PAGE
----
Stephen Purvis Chairman and Founder of Policy North

“Policy North maintains one very clear position. Whatever relationship the UK enjoys with the EU, once the drawn out negotiations are concluded, we must be able to enter into free trade agreements with anyone we choose. That means leaving the Customs Union.”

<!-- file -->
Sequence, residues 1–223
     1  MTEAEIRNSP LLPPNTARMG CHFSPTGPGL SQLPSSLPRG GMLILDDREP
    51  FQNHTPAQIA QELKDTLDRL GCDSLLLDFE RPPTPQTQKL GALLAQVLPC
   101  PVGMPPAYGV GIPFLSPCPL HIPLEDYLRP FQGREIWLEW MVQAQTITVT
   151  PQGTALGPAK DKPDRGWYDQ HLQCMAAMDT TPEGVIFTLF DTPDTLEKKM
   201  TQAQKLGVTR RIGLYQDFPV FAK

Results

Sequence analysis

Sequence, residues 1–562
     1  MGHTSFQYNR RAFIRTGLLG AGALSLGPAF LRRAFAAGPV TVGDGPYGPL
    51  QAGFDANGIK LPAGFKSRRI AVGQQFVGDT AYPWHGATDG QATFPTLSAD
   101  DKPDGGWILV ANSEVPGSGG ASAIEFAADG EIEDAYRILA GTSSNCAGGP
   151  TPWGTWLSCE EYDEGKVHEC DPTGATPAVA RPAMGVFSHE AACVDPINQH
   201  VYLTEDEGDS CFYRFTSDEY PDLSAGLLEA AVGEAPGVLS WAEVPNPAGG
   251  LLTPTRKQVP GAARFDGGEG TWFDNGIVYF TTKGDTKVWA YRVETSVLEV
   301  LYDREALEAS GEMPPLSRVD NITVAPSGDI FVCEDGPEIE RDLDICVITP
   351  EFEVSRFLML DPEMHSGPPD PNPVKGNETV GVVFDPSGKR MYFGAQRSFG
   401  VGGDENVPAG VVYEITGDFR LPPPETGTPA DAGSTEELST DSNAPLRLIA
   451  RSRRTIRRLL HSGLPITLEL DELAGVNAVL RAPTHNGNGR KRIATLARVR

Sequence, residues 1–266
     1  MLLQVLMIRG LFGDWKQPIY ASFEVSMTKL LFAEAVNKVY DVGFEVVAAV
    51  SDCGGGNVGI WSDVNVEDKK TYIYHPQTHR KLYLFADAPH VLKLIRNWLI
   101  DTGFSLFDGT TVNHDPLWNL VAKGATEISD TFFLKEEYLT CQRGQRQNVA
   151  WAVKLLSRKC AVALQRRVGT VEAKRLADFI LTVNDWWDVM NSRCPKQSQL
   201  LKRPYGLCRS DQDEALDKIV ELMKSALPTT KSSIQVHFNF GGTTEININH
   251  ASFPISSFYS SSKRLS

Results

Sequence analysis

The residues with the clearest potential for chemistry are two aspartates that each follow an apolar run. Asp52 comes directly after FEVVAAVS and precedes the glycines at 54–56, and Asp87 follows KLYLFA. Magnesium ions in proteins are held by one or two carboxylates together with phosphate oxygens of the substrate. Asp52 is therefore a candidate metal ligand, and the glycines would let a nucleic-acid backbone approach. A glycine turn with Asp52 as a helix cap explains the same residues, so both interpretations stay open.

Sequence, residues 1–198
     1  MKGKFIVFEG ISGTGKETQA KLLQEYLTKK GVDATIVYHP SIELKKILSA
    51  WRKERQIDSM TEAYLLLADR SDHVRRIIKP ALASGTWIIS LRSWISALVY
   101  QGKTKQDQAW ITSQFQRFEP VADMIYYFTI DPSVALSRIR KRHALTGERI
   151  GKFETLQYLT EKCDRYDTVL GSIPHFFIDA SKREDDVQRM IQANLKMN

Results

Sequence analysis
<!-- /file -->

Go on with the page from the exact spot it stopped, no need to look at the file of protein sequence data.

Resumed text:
NORTH EVOLUTION The North of England is home to 15 million people1 and over one million private sector businesses. 2 If the North was a country, it would be one of the largest economies in Europe - similar in size to Belgium3. The United Kingdom’s departure from the European Union provides a unique opportunity for the North to find a powerful role in a truly global Britain with increased international influence. Entrepreneurs and business leaders are passionate about ensuring the North has a growing economy. A strong private sector and a highly skilled population is essential to be able to make the most of the global opportunities that a new global Britain has to offer. If we can deliver on growth and skills in the North, the whole of the UK will benefit – as was the case in the past. As the engine of the industrial revolution, the North has a long history of driving national growth. Today the North has over one million private sector businesses; its economy was worth £304 billion in 2014, accounting for 19% of total UK output.4 The North produces almost 20% of UK goods exports5 and is connected to the rest of the world through seven international airports and 12 major ports. There are over 20 universities in the North, of which four are ranked in the top 100 universities globally6. Even with these incredibly positive factors, there is much untapped potential. The North is not, and never should be, short-hand for Greater Manchester. The North is the individual cities, towns and villages that make up the unique landscapes of Cumbria, Yorkshire and the Humber, the North West and the North East of England. There are many lessons to be drawn from the result of the EU Referendum. One of the most important to note was the divergence of the wider North from the major Northern cities.